Peter Roßbach, core developer at the Tomcat project, held a talk at RheinJUG in Düsseldorf on Thursday. It was very delightful mixture on Tomcat architecture, best practices, Open Source community as well as current and future developments, rather than a dry technical talk.
Tuning Tomcat Performance
Regarding performance, he mentioned that the main negative factor is to use development mode for production environments. Well have a look at a few parameters and which do affect Tomcat performance.
As of tomcat 6 there is the improved protocol handler available:
<Connector port="8080" protocol="org.apache.coyote.http11.Http11NioProtocol"
additionally Java NIO powers a new improved file download option. Servlets just have to set sendfile request parameters and not output any more data. That file will then be pushed by tomcat to the user:
org.apache.tomcat.sendfile.filename: Canonical filename of the file which will be sent as a String
org.apache.tomcat.sendfile.start: Start offset as a Long
org.apache.tomcat.sendfile.end: End offset as a Long
production servers should not deploy automatically:
<Host name="localhost" autoDeploy="false" deployOnStartup="false" deployXML="false">
The Jasper JSP compiler should be tuned as well:
Using mod_jk for loadbalancing
As a second main topic of his talk, he presented the module “mod_jk”, which in connection with a Apache Httpd and the Tomcat AJP protocol enables distributing java applications on multiple Tomcat servers.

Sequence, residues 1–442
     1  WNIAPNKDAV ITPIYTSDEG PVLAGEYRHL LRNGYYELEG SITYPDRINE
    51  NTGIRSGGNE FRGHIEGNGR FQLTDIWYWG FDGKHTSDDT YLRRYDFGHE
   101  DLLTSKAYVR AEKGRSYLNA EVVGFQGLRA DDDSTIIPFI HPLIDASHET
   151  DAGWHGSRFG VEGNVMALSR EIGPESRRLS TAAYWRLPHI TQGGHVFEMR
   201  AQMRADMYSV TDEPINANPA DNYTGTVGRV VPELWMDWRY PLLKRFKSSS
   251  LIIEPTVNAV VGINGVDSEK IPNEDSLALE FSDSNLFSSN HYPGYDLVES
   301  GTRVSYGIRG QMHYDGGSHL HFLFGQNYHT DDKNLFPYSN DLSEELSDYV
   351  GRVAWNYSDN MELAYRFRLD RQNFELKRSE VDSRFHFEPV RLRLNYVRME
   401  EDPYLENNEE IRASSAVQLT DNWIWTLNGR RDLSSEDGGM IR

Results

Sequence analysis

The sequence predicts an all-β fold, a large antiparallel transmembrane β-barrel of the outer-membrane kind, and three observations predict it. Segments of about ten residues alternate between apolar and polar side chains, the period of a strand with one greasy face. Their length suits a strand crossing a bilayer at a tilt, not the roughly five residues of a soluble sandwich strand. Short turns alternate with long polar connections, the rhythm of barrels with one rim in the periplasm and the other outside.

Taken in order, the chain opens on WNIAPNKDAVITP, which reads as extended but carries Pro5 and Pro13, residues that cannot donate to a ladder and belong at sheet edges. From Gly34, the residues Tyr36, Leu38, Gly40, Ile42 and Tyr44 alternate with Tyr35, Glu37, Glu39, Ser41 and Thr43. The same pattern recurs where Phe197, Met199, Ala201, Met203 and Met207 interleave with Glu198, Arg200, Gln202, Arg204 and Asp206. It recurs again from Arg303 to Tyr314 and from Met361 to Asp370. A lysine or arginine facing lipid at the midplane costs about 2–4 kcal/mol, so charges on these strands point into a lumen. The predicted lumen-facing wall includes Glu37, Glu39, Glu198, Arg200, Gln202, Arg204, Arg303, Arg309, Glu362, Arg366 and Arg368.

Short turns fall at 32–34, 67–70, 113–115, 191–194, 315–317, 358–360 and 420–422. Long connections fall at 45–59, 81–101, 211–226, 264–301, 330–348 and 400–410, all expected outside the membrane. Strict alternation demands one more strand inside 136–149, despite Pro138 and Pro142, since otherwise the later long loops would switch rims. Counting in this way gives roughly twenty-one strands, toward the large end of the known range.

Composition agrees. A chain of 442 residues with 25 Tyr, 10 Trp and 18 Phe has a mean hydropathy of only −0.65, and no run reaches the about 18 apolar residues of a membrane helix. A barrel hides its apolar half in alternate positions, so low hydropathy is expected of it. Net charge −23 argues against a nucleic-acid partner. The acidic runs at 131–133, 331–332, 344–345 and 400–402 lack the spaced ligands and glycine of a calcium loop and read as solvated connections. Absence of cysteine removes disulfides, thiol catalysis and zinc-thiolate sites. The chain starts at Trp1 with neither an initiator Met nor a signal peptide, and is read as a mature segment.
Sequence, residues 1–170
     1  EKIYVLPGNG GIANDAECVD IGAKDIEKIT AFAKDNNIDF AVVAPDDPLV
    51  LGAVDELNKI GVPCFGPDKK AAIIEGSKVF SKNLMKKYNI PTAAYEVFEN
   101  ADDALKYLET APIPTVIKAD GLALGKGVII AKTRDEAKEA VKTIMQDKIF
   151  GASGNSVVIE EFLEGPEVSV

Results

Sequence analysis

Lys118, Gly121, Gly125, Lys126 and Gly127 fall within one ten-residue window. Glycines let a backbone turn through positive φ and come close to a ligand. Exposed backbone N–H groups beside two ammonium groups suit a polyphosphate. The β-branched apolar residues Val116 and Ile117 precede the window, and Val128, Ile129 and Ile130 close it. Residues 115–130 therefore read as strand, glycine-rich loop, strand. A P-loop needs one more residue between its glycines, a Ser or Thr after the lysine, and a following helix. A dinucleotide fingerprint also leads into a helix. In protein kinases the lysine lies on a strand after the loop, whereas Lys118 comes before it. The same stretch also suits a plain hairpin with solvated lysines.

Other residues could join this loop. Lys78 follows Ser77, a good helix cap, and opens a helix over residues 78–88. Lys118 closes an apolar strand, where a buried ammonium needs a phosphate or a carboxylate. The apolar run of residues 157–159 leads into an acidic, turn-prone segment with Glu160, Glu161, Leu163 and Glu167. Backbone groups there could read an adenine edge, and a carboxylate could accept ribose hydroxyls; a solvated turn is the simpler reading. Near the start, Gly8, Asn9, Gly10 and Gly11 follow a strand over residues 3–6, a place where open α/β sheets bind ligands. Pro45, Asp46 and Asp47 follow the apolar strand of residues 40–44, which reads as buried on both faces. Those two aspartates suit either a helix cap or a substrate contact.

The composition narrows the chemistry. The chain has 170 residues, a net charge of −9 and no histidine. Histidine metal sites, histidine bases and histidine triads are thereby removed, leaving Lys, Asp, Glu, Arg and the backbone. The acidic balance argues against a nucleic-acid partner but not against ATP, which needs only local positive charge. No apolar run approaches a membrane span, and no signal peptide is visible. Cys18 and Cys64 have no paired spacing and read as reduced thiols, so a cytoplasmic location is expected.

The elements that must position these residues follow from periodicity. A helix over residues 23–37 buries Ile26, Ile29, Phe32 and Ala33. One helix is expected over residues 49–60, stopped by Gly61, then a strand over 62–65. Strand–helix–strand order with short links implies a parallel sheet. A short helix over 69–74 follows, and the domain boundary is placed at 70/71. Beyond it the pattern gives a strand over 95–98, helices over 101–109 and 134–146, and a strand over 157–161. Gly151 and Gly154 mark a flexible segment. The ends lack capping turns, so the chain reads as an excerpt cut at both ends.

He explained the different loadbalancing setups and that it might make even sense to user a Tomcat server per application, as this allows better memory management and improves overall high-availibility.
<Connector port="8009" protocol="AJP/1.3"/>
<Engine name="Catalina" defaultHost="localhost" jvmRoute="node01">
mod_jk Configuration inside Httpd:
LoadModule jk_module "modules/mod_jk.so"
JKMount /myapps* loadbalancer
Further documentation on mod_jk worker can be found here:
In total a very interesting talk, with lots of stuff to learn from, let it be the Tomcat project or the Tomcat architecture, or how Open Source “lives” and what one as developer or architect should consider when developing a Java web application.